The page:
Does this mean we all have to agree? Of course not. Where there is uniform agreement, you have a sect, not a church, and most often someone wielding power abusively. Does it mean that we all have to like the same things? Of course not. Does that mean that we have to respect the tastes and opinions of others? Absolutely; and each of us has the right to expect our tastes and opinions to be respected too, in return. None of us has the right to demand that our tastes and opinions will prevail. That means that there has to be a willingness to compromise, a degree of give and take, and it is love that makes that possible.
There will be changes, and I have always been clear that things will continue to evolve. Whatever happens on 10th January, when we inaugurate the united service with a service of rededication and commitment, will not be how the service will always be. There will be variety and development. Things won’t remain static. None of us wants the church to stagnate. We all know what happens in stagnant water. Things putrefy and you get a nasty niff. Like water, a congregation’s life has to flow to keep fresh and to share its goodness.
So what are the changes we can expect? The Session decided, as a sign that we are making a new start, that the time of the united service should be 10.30 a.m. This seemed like a good compromise between those who prefer an earlier and those who prefer a later start time. If anyone has difficultly with this, perhaps because the bus times do not coincide with the new service time, then speak to me or Margaret Hood. We’ve already got a good system going with taxis, and could easily add more to it.
Though the service will be no less dignified, no less grounded in Scripture, no less true to the heritage of the Church of Scotland, we’re also going to see some changes in worship. The united service will have traditional hymns and, normally, one worship song. They’ll all be chosen to fit the theme of the service. We’ll all have the opportunity to experience and learn some different hymns. Sometimes the sermon will be presented in a different way. Sometimes there will be different voices leading prayers. We might try reading Scripture differently, or using responses more creatively.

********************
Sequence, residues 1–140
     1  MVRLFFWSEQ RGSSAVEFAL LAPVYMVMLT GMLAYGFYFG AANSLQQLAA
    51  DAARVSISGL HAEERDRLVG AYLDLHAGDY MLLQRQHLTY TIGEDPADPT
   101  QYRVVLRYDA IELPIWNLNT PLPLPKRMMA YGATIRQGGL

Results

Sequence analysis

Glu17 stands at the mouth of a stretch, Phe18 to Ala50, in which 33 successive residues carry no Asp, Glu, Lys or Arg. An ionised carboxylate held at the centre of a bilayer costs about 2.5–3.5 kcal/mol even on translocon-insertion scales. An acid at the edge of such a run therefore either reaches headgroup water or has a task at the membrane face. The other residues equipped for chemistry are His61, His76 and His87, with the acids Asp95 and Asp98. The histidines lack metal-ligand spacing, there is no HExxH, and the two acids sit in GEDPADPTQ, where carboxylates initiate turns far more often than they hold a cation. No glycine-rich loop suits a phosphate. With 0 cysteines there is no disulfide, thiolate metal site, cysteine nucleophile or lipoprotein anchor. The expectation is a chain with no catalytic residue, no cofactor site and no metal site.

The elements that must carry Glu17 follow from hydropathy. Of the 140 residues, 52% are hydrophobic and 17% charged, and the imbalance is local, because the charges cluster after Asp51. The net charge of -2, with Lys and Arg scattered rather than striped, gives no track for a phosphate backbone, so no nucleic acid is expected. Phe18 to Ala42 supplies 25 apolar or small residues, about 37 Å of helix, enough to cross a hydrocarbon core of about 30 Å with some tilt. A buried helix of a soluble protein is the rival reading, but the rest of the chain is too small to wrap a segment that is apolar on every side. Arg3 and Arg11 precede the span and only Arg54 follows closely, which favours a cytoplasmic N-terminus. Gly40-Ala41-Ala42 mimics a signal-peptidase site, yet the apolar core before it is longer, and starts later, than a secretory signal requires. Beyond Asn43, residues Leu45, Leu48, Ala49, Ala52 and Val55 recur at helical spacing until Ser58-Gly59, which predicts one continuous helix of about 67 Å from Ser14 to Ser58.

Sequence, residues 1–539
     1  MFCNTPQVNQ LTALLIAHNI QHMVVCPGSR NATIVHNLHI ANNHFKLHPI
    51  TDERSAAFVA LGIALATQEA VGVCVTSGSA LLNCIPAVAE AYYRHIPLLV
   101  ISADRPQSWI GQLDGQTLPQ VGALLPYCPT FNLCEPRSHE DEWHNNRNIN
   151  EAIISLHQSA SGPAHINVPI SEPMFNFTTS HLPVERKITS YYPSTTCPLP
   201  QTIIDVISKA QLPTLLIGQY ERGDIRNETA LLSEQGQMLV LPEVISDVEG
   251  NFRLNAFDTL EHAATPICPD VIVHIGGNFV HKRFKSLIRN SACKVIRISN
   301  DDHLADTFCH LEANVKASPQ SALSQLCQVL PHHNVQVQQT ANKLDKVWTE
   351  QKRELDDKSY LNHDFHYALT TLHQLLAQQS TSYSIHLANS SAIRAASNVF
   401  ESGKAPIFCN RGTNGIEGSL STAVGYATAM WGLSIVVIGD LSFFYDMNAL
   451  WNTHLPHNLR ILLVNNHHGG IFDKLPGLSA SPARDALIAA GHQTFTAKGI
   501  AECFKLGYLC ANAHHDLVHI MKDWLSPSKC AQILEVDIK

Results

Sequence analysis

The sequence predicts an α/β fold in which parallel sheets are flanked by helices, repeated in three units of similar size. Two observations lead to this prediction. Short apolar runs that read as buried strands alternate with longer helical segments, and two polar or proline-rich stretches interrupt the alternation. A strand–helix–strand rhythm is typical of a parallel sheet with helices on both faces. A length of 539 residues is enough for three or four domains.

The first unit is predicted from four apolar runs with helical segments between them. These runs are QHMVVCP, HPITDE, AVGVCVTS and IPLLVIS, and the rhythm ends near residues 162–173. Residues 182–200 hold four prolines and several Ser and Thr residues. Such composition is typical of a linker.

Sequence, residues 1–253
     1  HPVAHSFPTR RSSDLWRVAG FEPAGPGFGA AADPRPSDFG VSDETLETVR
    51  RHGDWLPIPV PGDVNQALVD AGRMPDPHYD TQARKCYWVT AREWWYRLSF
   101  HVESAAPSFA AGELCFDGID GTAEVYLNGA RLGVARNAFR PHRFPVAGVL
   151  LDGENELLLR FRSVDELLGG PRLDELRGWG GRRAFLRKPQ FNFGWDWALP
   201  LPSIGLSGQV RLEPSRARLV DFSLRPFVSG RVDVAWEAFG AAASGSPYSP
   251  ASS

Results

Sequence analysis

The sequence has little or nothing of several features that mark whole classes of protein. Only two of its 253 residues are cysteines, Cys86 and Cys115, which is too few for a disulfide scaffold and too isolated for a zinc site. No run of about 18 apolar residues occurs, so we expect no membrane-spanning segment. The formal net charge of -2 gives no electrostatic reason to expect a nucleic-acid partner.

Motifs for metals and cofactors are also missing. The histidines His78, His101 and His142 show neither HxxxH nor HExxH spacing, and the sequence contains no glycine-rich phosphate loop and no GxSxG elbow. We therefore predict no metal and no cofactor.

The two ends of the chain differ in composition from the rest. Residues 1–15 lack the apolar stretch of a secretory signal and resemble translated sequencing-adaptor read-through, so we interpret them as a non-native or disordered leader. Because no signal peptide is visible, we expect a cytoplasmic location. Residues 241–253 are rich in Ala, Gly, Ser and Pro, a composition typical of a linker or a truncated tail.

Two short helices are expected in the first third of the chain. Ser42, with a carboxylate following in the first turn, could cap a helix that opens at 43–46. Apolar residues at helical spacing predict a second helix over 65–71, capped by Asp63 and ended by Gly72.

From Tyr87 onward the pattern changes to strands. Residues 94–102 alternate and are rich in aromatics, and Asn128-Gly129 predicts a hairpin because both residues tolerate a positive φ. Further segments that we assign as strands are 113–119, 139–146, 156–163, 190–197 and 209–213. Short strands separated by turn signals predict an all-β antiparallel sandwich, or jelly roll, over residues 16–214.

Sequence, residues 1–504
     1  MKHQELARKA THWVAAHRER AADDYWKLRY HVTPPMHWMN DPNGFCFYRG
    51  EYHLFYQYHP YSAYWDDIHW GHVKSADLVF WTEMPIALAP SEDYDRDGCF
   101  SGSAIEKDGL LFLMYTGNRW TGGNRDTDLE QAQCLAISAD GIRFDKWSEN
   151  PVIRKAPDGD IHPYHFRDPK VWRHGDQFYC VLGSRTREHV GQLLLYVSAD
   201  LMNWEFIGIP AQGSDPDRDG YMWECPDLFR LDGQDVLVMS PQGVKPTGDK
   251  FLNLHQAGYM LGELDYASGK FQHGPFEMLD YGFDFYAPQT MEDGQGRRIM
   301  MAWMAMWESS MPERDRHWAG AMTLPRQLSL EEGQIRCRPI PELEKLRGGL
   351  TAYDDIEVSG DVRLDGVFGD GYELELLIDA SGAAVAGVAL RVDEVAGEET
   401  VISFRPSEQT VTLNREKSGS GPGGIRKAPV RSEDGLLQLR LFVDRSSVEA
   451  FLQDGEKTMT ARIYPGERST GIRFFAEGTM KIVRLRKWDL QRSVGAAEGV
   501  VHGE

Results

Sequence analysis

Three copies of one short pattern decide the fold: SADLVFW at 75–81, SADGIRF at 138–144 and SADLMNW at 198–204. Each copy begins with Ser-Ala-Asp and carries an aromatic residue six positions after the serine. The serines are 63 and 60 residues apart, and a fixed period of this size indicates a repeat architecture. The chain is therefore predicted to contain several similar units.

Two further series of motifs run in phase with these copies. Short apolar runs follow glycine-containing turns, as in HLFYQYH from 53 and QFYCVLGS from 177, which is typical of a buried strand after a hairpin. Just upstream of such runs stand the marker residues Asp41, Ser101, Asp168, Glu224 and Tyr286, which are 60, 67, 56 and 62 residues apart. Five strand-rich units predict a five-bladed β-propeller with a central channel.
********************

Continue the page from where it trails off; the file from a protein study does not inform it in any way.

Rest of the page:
There will be opportunities for discussion too. Before the service, there will be an informal discussion around the readings for the day for anyone who would like to take part. There will also be study courses, open to everyone, at different times during the week. These will look at different topics and use a variety of resources. We’ll experiment to find the best time. Again, they’ll be open to everyone, the idea that the learning we engage in through gathering together round the Word, read and preached on a Sunday morning, and the learning we engage in through study and discussion, should complement and enhance one another.
We’re also working hard on providing something meaningful for children. It is my hope that there will be a spread of ages at the united service. We are a family of God’s people, and families include the very youngest right through to the very oldest. No one should feel excluded. So there might be a bit more noise and disturbance, but we’re not going to wince, or look round disapprovingly, or allow ourselves to be distracted. Instead, we’re going to welcome children and their parents and support them and those who will be providing the crèche and the Junior Church.
“What should we do?” the people asked John the Baptist. That’s a question for all people of faith. What should we do to be the best we can be for God in this place? Uniting the services was never intended to be an end in itself. It is about recommitting ourselves to God and to one another in Christian Unity. But even unity is not an end in itself. Christian unity is vital for mission. Christian disunity inhibits effective mission. So we are laying down old forms, which have served well in the past but are not so effective now, and making space for new things. We are bringing all our resources of faith together so that, in communion with one another and with Christ, we may better engage in God’s mission to the world; that we may, because we are visibly united and because we are stronger together, point more clearly to Christ, the Lamb of God who takes away the sins of the world, and proclaim the good news to the people.